Tuesday, March 16, 2010

St. Patrick's Meal, Thanks to Tom

I was in bed all weekend with a bug and spent too many hours watching a marathon of travel shows to Ireland on the local NPR channel.  I learned a lot about St. Patrick and Irish history as well as enjoyed seeing some of our favorite places, like Dingle.  Ireland is so lush and green. 

We had already planned to make a Sunday dinner of corned beef and Irish soda bread, but I didn't feel well enough to cook, so Tom kindly stepped in and made a delicious meal, including doing the shopping.  Thanks, Tom!

This meal wasn't heavy or greasy at all because it was boiled.  The vegetables were cooked perfectly, i.e., not mushy.  I even liked the cabbage.  The corned beef was tender and not dry. 

Last time Tom made this bread was 3/17/02.  Neither of us could remember exactly how it was going to turn out.  It is rather sweet, not like the basic brown or white soda bread that I saw on the travel shows, but very tasty.  Baking soda was revolutionary in early 1800's, and allowed the Irish to make bread without yeast, or having to knead.  They could make it in a cast iron pot at home.  Most did not have an oven then.

Sweet Irish Soda Bread
Recipe by Jill Novatt, a Food TV recipe
2 cups flour
2 t. baking powder
1 t. baking soda
1/2 t. salt
1 T. sugar
2 T. cold unsalted butter
2 T. cold vegetable shortening
1 egg, beaten
1 cup buttermilk
1 cup currants
2 T. toasted caraway seeds
1 T. melted butter
1 T. sanding sugar (coarse sugar)

Preheat the oven to 375 degrees.  In a large bowl, combine the flour, baking powder, baking soda and salt, then mix well.  Cut the butter and shortening into small pieces and add to the flour mixture.  Using your fingers, work the cold butter and shortening into the flour mixture until it resembles coarse crumbs.  Add the egg, the buttermilk, the currants and the caraway seeds and mix into the flour mixture until it is incorporated.  Turn the dough out onto a floured surface and knead gently until the dough forms a smooth ball.  Place the dough into a lightly greased loaf pan.  Score the top of the loaf with a very sharp knife.  Brush the top of the loaf with the melted butter.  Sprinkle with sanding sugar.  Place the loaf in the oven and bake for 40 -45 minutes or until golden brown.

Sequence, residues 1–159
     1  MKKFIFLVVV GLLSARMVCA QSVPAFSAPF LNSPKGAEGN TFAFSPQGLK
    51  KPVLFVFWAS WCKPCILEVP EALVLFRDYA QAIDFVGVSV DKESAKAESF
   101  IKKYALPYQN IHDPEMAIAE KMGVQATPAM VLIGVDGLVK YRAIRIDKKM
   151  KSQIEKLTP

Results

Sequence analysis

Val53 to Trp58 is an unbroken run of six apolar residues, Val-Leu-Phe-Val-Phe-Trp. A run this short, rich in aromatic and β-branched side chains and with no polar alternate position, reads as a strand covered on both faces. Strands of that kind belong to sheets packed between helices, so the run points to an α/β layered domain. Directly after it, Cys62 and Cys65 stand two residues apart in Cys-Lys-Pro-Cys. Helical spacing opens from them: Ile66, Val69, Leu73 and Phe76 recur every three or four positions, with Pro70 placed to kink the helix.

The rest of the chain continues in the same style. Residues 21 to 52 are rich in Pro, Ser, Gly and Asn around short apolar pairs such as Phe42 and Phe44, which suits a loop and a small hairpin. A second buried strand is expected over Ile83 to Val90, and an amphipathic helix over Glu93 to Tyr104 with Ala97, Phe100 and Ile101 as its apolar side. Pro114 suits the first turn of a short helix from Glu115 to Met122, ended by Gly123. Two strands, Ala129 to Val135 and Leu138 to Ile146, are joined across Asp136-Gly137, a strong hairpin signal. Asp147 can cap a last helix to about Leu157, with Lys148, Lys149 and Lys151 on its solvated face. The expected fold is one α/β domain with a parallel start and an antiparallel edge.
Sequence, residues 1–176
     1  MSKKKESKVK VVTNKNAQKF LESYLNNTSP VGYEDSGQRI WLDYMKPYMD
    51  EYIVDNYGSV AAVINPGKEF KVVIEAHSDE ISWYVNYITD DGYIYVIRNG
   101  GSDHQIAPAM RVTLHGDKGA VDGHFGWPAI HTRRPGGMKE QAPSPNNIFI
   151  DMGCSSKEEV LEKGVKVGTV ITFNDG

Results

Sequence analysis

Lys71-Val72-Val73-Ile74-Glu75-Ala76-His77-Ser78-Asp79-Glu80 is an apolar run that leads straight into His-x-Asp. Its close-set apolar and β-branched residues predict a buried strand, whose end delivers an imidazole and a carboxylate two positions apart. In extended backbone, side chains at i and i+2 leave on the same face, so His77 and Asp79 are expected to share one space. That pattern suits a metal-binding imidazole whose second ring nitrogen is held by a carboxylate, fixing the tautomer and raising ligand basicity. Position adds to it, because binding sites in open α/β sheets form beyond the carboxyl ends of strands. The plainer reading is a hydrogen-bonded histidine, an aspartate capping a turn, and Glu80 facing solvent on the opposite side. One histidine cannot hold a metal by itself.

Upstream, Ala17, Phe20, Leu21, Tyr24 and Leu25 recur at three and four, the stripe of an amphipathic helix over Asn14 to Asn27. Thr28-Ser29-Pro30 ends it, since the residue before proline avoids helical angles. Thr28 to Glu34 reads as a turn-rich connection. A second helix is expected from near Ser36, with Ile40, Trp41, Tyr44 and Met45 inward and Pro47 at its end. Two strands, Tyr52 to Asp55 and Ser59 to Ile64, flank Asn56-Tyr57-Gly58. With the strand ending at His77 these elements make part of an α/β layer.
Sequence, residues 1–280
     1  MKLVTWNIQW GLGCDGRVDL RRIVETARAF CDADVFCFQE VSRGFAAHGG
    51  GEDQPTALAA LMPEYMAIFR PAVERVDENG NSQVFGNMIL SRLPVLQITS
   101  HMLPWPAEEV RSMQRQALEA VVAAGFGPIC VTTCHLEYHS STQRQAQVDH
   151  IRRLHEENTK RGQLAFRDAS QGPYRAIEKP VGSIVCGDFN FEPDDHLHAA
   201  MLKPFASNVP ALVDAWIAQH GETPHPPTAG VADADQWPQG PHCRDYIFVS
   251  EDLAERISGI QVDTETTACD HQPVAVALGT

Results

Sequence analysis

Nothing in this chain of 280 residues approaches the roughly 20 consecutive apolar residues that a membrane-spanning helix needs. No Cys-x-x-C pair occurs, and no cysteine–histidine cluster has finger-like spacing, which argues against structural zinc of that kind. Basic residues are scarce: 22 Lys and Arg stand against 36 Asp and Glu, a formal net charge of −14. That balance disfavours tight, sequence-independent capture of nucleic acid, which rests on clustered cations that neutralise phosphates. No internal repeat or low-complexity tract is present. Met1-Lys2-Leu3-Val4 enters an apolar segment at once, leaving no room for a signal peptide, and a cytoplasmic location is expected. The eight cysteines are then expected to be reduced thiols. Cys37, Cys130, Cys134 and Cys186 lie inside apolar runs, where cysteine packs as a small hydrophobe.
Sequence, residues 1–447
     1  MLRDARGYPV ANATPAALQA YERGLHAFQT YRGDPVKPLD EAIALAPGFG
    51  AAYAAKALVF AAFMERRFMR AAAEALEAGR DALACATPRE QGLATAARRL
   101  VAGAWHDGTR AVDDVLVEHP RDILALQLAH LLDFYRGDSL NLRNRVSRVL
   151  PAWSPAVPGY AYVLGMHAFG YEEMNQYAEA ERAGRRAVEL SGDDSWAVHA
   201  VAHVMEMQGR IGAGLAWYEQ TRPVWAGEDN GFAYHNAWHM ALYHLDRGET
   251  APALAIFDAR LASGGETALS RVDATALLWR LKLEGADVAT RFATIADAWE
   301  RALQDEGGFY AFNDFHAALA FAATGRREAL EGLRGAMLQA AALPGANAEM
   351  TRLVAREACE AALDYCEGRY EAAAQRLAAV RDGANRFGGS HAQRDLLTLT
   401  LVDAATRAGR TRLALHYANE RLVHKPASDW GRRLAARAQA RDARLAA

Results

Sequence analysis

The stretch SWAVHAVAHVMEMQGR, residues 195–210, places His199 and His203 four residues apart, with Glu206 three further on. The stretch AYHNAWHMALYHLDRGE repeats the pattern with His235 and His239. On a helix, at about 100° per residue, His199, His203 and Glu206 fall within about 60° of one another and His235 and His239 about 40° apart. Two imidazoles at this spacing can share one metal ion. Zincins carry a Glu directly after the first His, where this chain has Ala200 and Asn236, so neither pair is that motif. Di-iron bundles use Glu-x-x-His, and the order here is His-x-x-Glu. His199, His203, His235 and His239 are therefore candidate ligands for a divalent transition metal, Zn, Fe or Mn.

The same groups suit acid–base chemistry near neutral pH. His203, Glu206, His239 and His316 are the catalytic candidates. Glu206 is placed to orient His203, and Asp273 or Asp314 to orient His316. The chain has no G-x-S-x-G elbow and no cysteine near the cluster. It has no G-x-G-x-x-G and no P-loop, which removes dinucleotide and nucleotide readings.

For the corned beef, Tom chose a recipe from James Beard's American Cookery.  It is one of our go-to cookbooks.  It's a great reference to have on hand. We keep a copy both at home and at the lake. (fyi -It is readily available in used bookstores.) James Beard was amazing in his breadth of knowledge about food. His recipes are easy to understand and he provides lots of interesting tidbits of information along the way.


New England Boiled Dinner
adapted from James Beard's American Cookery

Piece of corned beef, preferably brisket, 4 to 5 pounds
6 white onions
4 to 5 small to medium turnips
6 to 8 potatoes
6 carrots
1 head cabbage
bouquet garni of spices (peppercorns, cloves, etc.) - came with corned beef

Wash the corned beef, place in a kettle of cold water, and bring to a boil.  Add bouquet garni.  Reduce heat and simmer 2.5 to 3 hours.  Add the onions and turnips and cook 30 minutes more.  Add the carrots and potatoes and simmer 15 minutes.  Add the cabbage, cut in quarters or sixths. 

When the meat and vegetables are tender, transfer the meat to a hot platter and surround with vegetables.  James Beard suggests serving it with horseradish or mustard.  This is also sometimes served with a sauce made of broth and melted butter.  And beets, cooked separately, were also added.


The bread was good the next day for breakfast and a snack.  It is more like a muffin loaf bread than regular bread, or plain soda bread.

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